ARLINGTON, Texas – Given all the drama surrounding Tom Brady since last seen in a real football game, the primetime opener on Sunday night at JerryWorld teased us with more intrigue:
Is this the same Brady?
Well, pretty much. The iconic Tampa Bay Buccaneers quarterback – who retired for 40 days last spring, then took an 11-day leave of absence during training camp – found some normalcy in beginning his 23rd NFL season in the winner’s circle again.
And typically, he sliced up the Dallas Cowboys again.
Brady passed for 212 yards to help the Bucs douse the Cowboys for a 19-3 victory. Yes, he’s still a Dallas slayer. That result kept Brady’s perfect record against the Cowboys intact (7-0) while also marking the first time in NFL history that a quarterback started a game at 45 years old.
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Most importantly, the performance turned the page on the most unusual offseason and preseason in Brady’s history. He didn’t seem too rusty despite missing the training camp reps. And he didn’t seem so distracted, either, as speculation swirled about his personal life amid his absence.
Instead, Brady looked to be comfortable enough on the field. He wouldn’t be the first star athlete to tune out off-the-field drama upon returning to the stage. But for a man who is so detailed and calculating in his approach to the game, it was fair to wonder whether he would be the same ol’ TB12.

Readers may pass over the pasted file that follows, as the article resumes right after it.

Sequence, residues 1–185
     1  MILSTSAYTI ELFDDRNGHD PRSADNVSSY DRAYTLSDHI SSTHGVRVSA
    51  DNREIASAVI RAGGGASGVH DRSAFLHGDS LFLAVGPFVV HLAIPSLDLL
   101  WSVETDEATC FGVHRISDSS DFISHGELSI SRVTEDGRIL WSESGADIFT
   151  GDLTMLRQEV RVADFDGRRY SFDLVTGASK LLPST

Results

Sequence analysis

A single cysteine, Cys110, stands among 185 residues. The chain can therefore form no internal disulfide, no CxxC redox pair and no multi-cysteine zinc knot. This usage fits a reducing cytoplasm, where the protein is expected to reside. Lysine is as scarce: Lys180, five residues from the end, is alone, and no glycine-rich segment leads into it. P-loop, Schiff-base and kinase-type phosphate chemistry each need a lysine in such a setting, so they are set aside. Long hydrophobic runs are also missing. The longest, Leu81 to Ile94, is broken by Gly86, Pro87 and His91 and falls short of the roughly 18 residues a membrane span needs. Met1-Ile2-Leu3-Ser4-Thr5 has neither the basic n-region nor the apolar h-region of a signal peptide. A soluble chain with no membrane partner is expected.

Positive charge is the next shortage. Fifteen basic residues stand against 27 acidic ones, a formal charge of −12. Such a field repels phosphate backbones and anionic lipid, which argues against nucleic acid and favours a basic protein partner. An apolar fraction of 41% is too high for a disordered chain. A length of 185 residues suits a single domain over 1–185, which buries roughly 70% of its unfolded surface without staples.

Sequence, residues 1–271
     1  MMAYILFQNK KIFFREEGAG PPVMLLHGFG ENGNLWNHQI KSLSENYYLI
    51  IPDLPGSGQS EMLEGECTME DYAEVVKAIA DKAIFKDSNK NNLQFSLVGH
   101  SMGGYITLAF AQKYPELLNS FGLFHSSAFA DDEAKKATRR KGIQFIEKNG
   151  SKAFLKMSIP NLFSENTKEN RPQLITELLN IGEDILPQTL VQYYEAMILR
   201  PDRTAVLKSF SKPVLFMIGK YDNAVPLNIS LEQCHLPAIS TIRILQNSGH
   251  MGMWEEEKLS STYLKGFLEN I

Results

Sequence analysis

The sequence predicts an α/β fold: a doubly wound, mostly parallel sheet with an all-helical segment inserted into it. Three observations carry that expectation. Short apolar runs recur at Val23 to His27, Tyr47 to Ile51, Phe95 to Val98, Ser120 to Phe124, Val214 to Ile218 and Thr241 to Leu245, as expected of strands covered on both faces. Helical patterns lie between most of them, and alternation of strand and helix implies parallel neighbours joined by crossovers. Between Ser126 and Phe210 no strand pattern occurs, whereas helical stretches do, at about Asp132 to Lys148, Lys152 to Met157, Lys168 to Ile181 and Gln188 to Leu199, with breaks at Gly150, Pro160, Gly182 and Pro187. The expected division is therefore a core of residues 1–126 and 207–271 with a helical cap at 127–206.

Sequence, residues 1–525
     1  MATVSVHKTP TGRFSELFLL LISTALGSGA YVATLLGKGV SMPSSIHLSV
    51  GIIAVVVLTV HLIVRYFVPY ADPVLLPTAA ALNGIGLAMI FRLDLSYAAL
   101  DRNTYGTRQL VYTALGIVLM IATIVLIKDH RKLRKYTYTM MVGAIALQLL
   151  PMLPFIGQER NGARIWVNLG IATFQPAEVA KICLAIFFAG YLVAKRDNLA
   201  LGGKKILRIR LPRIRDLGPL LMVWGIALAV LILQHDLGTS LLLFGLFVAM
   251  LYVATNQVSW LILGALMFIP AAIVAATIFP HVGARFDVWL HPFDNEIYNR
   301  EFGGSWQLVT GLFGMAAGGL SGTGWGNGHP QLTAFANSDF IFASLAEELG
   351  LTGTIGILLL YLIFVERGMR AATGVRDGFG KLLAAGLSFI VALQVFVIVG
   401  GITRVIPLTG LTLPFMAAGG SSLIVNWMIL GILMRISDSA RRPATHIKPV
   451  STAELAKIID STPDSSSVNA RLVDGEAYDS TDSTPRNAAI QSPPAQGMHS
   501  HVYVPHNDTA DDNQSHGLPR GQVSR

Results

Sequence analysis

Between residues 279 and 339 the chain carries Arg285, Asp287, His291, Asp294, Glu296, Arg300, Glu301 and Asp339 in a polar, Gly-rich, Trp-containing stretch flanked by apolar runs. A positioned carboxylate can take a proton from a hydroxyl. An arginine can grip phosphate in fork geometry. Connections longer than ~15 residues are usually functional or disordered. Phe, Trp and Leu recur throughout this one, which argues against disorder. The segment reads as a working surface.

No, he wasn’t dominant. He completed 18-of-27 passes, with a TD and an INT, with an 87.3 passer rating. Ho hum. The Bucs didn’t score a touchdown until late in the third quarter when Mike Evans made a spectacular one-handed catch on a high lob to finish off a fade route for a 5-yard score. And on top of a handful of other throws off the mark, Brady threw an ugly interception in the fourth quarter by grossly underthrowing Evans on a slant route.
It helped that the Bucs’ offense came with balance as Leonard Fournette rushed for 127 yards
Yet Brady, who led the Bucs to four drives that ended with Ryan Succop field goals, was efficient – especially when compared to struggling Cowboys quarterback Dak Prescott – and the arm strength was there.
On Brady’s prettiest incompletion, a deep heave that Breshad Perriman couldn’t haul in, the football traveled more than 50 yards in the air.
Prescott, meanwhile, had one of the least impressive outings of his career. He didn’t complete a pass over 16 yards until garbage time late in the fourth quarter, posted a 47.2 passer rating (14-of-29, 134 yards, one INT) and the Cowboys were 3-of-15 on third-down conversions. Prescott was replaced by Cooper Rush late in the fourth quarter after suffering a right hand injury.
Brady can certainly point to his own set of concerns as the Bucs start another season as a legit Super Bowl contender. Left tackle Donovan Smith didn’t return after suffering an elbow injury, which added to the litany of setbacks for an injury-riddled O-line. Also, Chris Godwin, making his return after suffering a torn ACL and torn MCL in December, couldn’t finish after suffering a hamstring injury.
You don’t have to tell Brady that the grind of an NFL season is a marathon, not a sprint. But at least the Bucs opened the curtain on possibilities to build on for the long haul, including the vitality of the oldest quarterback in NFL history.